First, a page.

I can’t tell you how glorious it is to me to watch spring exploding throughout the yard; buds, new green branch growth, leaves, flowers, vines, and every other variety of fauna is everywhere. Nothing is really open yet, except for the flowers like daffodils, but is poised much like coiled springs waiting to burst forth. And that is how it will happen, all of a sudden there will be opened leaves everywhere on all the trees – or at least most of them. We’ve had some spectacular weather over the last week, along with seasonable and even cold weather; classic New England. We reached well into the 70’s one day and then into the 30’s at night: the advent of spring!
I have not been hiking in two weeks now; I couldn’t hike for several days after I had the biopsy and then we had some rainy weather, and once all that cleared up, I was having a terrible time with my foot/heel and would never have managed anything more than a mile or two. I’ve tried heel pads, shoe inserts, and even some stupid Machiavellian brace device you wear in your sleep but nothing has really helped. I am currently taking a dietary supplement that my doctor recommended and it might actually be helping. Such a pain… in more ways than one.
But hiking is in my future this week, tomorrow in fact, heel pain or not. Spring is a wonderful time to hike and should not be missed; if I have to do it with a limp then that’s what I will do! Speaking of hiking, I have started writing a book about hiking in RI. I am not at all sure there is still a demand for books given the tidal wave of digital information and apps on phones. I grew up with books and still carry three hiking books in my truck at all time, and often bring one with me when I head out on trail.
I plan to detail some number of my favorite hikes, with directions to it, parking info, and some detailed descriptive information on the trail: what to expect for level of effort, things one might hope to see along the way, and some historical facts as applicable. And unlike this blog, as some of you have written to me to “complain” about, I will include a lot of pictures in it. The hard part is that, while I know a lot of my trails like the back of my hand, you can’t write it from memory. You simply can’t take the chance of stating something incorrectly or missing something critical or placing something out of sequence and really confusing your reader. So I almost need to hike and write at the same time. I think I will voice record my comments as I hike and then use that to write up the hike.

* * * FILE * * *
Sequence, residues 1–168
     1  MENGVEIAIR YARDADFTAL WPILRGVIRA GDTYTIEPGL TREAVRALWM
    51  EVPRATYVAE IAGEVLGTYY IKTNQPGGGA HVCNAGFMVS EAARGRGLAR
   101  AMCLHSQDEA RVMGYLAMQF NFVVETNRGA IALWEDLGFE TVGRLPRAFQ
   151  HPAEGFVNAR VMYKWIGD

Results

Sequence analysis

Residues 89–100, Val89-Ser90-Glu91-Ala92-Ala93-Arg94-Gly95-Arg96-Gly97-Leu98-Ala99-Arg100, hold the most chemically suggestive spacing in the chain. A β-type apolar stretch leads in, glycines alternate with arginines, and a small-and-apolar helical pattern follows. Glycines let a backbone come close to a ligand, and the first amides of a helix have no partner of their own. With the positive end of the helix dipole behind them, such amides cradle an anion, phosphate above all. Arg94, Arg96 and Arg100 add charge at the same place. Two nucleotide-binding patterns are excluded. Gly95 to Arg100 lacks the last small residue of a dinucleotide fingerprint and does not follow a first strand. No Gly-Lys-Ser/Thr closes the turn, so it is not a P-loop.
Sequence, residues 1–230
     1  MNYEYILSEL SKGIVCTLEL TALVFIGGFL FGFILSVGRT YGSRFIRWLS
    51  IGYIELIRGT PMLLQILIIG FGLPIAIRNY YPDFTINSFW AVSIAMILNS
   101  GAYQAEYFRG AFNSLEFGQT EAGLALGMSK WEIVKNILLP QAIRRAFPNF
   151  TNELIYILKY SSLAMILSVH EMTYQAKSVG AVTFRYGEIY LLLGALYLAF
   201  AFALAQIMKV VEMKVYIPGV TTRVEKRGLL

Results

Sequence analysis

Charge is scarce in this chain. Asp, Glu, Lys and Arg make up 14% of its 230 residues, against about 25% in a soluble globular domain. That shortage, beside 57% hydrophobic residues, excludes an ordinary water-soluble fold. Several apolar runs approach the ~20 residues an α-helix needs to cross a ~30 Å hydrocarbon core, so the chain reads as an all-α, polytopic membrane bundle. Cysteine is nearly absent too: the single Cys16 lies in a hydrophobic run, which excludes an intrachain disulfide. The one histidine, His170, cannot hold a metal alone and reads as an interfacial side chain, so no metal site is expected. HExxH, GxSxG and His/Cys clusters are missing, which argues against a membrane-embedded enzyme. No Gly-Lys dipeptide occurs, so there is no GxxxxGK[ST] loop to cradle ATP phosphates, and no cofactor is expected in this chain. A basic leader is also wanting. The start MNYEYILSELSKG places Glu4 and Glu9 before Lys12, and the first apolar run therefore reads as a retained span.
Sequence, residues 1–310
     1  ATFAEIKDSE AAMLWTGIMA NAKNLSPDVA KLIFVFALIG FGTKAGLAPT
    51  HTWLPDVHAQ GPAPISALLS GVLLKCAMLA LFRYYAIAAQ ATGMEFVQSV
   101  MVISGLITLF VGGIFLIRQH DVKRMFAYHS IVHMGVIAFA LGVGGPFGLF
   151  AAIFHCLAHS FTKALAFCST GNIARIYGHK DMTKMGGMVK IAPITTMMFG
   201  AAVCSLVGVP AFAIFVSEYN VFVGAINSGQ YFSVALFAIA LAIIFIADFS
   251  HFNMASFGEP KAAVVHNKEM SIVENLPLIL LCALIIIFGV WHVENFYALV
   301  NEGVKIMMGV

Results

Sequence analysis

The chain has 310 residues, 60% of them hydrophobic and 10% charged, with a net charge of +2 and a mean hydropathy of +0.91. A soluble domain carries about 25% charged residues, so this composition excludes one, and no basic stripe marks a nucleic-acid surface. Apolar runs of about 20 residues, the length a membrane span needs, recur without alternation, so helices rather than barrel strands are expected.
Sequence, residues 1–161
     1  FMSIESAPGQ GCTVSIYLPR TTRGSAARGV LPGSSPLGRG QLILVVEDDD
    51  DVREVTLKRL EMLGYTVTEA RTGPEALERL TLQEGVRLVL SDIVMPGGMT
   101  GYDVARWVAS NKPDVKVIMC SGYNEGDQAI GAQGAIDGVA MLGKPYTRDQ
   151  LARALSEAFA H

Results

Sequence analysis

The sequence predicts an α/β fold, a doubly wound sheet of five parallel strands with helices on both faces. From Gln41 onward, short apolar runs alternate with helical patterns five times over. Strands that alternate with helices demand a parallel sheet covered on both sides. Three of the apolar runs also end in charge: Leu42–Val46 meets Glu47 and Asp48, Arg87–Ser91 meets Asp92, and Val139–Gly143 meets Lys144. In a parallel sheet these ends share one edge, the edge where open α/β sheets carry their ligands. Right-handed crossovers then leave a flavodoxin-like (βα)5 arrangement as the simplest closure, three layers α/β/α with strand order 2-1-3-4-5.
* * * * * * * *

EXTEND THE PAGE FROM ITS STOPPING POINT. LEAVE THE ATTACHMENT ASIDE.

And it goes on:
One thing I look forward to doing in this book is bundling hikes – one of my favorite things. The trails in west RI are so plentiful that in places, they either cross each other or pass each other within a quarter mile or less. So rather than picking one hike over another, if you know your trails you can hike one trail, pick up another trail and hike it, and then end up right back on the trail you starter on to finish your hike. You can bundle three, four, and even five or more trails to add mileage and diversity to your hikes. I just recently did one hike that used at least part of four trails for 12.6 miles. Last year I did nearly 15 miles one day and several years ago I did 21 miles in a day without ever leaving the woods and without ever retracing my steps, all by just connecting trails together in the right sequence.
I am cautiously excited about this project; I foresee a lot of work and minimal success. As I said, people do not “do” books much anymore; especially on the trails in the woods. But I remain a little hopeful that there will be a small market here in RI that will have interest – especially if I make sure to include lots of photos that demonstrate the beauty of our woods here. I already have a lot because I typically get overwhelmed with the splendor of the forest around me. But for this I need to make sure I have my A-game and take shots that truly represent that beauty. I would also like to attempt to get four shots of the really amazing areas, one in each season so as to reflect the diversity of the woods in those seasons.
After a brief pause in jotting down my thoughts in this post, I am back; and I spoke too soon. Yesterday dwelled in the upper 30’s all day with an incessant outpouring of rain and snow. Yes, snow. Fortunately we had no accumulation here, but in other parts of the state they got up to 5” of it. This momentary interruption aside, spring continues to burst forth everywhere in the yard.
I cannot speak for the progress in the woods however, as I still have not been out for over two weeks now. This week was nulled by the weather both Thursday and Friday. While I suppose I could have “toughed it out” and hiked in the rain, with a problematic heel it did not seem to be the proper choice. And as much as I hike for the physical exercise and to be in the woods, I hike because I enjoy it and frankly, I do not enjoy being in the rain when the temp is in the 30’s or even 40’s.
But I have little doubt that I will get out next week and look forward to being on trail once again. It will not be long before the mountain laurel and rhododendrons will be blossoming soon and that, dear reader, is one of the most majestic things you can see in the woods as the flowers of white and pink sharply contrast against the verdant greens of new spring growth. I call it the natural first communion (with pardons to any devout Catholics who may take exception to my analogy). Tuesday is promising 65 and sunny – see you on the trail. Stay well dear reader!!